- Team: Manos Saratsis, Timur Dogan, Christoph Reinhart
- Date: 2015
- Link: Read the full paper
Increasing urban density leads to a conflict between space-use efficiency and daylight access. Cities have traditionally relied on zoning guidelines that consist of section-based geometric evaluation techniques and/or hours of access to direct sunlight. However, it is now possible to quantify the performance of detailed design proposals before construction. Annual climate-based daylighting performance metrics for urban environments can be computed accurately, in high spatial resolution and in a timely manner. Given that massing design decisions at the urban planning level may make or break the long-term daylighting potential of a whole neighbourhood, the adoption of these tools by zoning boards, developers and urban planners seems particularly relevant.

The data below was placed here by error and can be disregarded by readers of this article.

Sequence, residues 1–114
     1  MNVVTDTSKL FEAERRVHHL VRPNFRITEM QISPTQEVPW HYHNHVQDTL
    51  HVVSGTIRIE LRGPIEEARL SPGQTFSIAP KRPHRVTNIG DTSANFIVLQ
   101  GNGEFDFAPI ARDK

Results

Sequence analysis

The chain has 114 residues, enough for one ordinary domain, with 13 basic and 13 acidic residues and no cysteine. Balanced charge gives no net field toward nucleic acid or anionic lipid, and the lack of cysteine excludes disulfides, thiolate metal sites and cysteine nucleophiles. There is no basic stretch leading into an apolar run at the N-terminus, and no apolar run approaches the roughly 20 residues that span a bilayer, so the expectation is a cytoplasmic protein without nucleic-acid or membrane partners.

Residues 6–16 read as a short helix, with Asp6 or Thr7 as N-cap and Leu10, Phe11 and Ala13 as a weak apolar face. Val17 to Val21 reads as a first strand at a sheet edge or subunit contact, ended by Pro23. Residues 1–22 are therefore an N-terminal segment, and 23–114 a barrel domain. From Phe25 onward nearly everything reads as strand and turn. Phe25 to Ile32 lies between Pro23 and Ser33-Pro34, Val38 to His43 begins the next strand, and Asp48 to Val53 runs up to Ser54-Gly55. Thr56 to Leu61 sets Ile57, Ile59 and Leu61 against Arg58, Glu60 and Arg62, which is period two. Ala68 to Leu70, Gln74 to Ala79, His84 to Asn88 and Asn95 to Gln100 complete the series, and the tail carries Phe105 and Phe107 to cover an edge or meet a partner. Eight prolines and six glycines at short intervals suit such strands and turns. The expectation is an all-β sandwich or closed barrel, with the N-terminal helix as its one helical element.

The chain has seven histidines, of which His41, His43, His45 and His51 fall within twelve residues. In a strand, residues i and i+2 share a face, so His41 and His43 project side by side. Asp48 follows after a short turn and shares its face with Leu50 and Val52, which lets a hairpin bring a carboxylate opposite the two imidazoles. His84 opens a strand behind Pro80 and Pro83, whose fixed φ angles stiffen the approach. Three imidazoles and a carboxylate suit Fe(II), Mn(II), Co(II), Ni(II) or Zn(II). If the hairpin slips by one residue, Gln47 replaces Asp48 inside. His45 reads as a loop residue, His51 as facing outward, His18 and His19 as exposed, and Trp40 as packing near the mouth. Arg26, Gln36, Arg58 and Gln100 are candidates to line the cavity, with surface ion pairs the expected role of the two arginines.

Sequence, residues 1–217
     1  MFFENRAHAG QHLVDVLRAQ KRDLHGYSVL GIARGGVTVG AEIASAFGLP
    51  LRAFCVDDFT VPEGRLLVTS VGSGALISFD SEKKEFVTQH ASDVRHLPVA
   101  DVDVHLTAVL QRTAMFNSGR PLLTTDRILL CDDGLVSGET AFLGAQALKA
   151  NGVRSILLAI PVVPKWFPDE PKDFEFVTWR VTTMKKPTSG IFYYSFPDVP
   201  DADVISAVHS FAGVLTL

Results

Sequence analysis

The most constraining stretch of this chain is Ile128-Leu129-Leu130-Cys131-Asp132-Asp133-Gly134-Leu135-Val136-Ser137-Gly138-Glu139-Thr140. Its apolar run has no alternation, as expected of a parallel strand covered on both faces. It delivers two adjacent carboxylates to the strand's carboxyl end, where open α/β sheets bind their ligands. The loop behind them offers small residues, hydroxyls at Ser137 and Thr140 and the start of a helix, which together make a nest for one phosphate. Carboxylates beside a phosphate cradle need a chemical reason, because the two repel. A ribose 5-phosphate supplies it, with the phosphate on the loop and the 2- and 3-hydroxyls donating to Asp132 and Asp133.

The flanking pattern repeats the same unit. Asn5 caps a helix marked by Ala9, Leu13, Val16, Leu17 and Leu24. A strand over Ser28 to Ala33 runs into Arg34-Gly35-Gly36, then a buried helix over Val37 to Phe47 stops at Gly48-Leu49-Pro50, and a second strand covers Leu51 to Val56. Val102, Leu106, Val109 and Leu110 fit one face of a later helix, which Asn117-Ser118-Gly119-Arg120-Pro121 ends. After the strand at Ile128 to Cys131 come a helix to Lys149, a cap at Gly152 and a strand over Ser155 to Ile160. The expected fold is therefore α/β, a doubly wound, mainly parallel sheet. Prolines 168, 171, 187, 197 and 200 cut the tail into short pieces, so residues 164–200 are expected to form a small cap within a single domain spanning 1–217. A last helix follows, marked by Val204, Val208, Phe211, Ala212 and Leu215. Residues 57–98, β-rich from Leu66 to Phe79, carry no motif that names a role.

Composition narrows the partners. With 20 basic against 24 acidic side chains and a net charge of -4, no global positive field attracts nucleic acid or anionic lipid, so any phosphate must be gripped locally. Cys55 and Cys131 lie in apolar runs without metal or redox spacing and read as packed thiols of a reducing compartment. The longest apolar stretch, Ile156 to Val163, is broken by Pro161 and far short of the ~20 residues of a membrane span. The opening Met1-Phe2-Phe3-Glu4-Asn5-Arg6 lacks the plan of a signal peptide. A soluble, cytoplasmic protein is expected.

A simulation-based daylighting analysis procedure reveals the capabilities for both formulating more nuanced prescriptive zoning rules as well as for use by design teams. The procedure is used to evaluate the daylighting performance of 50 block typologies in New York City (NYC). The analysis demonstrates that certain urban massing approaches (e.g. pencil towers on a contextual base) outperform conventional massing strategies. A second case study application of an actual city block shows that innovative urban massings can improve access to daylight for the massing itself as well as for neighbouring buildings.